Canada's Condominium Magazine
It’s a story of one of the world’s biggest private companies and biggest NGOs coming together to tackle one of the world’s biggest problems. Challenged by the United Nations to come up with a better form of housing for millions of refugees around the world, Sweden’s home furnishings giant IKEA has produced a prototype shelter that is now testing in African refugee camps. If the shelter works as well as its designers hope it will, the design will be made available to other companies for production and commercialization. They could start deploying by early next year.
It seems a natural fit: a company with decades of experience creating modular, relatively inexpensive, assemble-it-yourself furniture that requires no tools except the ones that come with the famous flat-packed products, and a “market” consisting of millions of people, with very little in the way of material possessions, who need shelter.
IKEA’s philanthropic organization, the IKEA Foundation, has partnered with the United Nations High Commission for Refugees (UNHCR) and a group called the Refugee Housing Unit. IKEA had the creative people to provide the kind of innovation the relief workers were looking for, as well as the expertise in logistics and flat packing. When approached by the Refugee Housing Group, IKEA, it is reported, found that the project suited the organization’s spirit, and agreed to join the effort.
Just as IKEA looks for innovative ways to create a better everyday home life for the many people, the IKEA Foundation is looking for ways to create a better everyday life for poor families who have lost their homes and everything familiar to them. By bringing together our partners and funding new technology, we can help make a tremendous difference to the world’s most vulnerable children.
Per Heggenes, CEO of the IKEA Foundation
The result of the partnership, the IKEA shelter for refugees, was unveiled to mark the UN’s World Refugee Day, June 20.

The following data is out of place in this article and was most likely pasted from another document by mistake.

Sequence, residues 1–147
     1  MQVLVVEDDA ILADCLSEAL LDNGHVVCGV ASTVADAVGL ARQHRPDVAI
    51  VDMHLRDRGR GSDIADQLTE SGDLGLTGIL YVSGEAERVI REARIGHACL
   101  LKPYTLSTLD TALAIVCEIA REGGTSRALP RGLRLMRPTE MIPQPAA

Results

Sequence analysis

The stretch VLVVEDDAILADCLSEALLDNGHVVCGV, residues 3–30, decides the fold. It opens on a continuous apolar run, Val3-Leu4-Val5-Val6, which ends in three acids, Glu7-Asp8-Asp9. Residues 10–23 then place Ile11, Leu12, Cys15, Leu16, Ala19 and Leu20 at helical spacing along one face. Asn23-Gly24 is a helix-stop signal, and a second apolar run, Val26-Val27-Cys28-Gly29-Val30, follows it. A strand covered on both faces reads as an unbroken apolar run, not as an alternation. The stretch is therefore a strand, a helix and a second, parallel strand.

The new shelter design is meant to replace the tents that now make up the mainstay of refugee camp shelter for about 3.5 million people. In the often extreme climatic and social conditions where they are used, those tents typically have a limited lifespan of several months. The IKEA shelters are designed to be more permanent, built of solid but lightweight panels that attach to a metal frame. They could last for several years. Unfortunately, the refugees who will possibly use them face the bleak prospect of remaining in the camps for an average stay of twelve years, according to the UN. Children born in a camp will probably know no other home for the first decade of their lives.
Besides the greater permanence, the IKEA shelters include design features that are intended to make them more comfortable: solar panels to provide electricity, so the occupants can do basic tasks like reading at night and cooking, and special fabric to provide insulation when it’s cold and heat reflection when it’s hot. They also provide more privacy for the occupants.
The shelters are being tested in a refugee camp in Ethiopia, chosen because of its harsh conditions. The testing will allow the designers to measure the technical aspects of the structures, as well as getting feedback from the people actually living in them.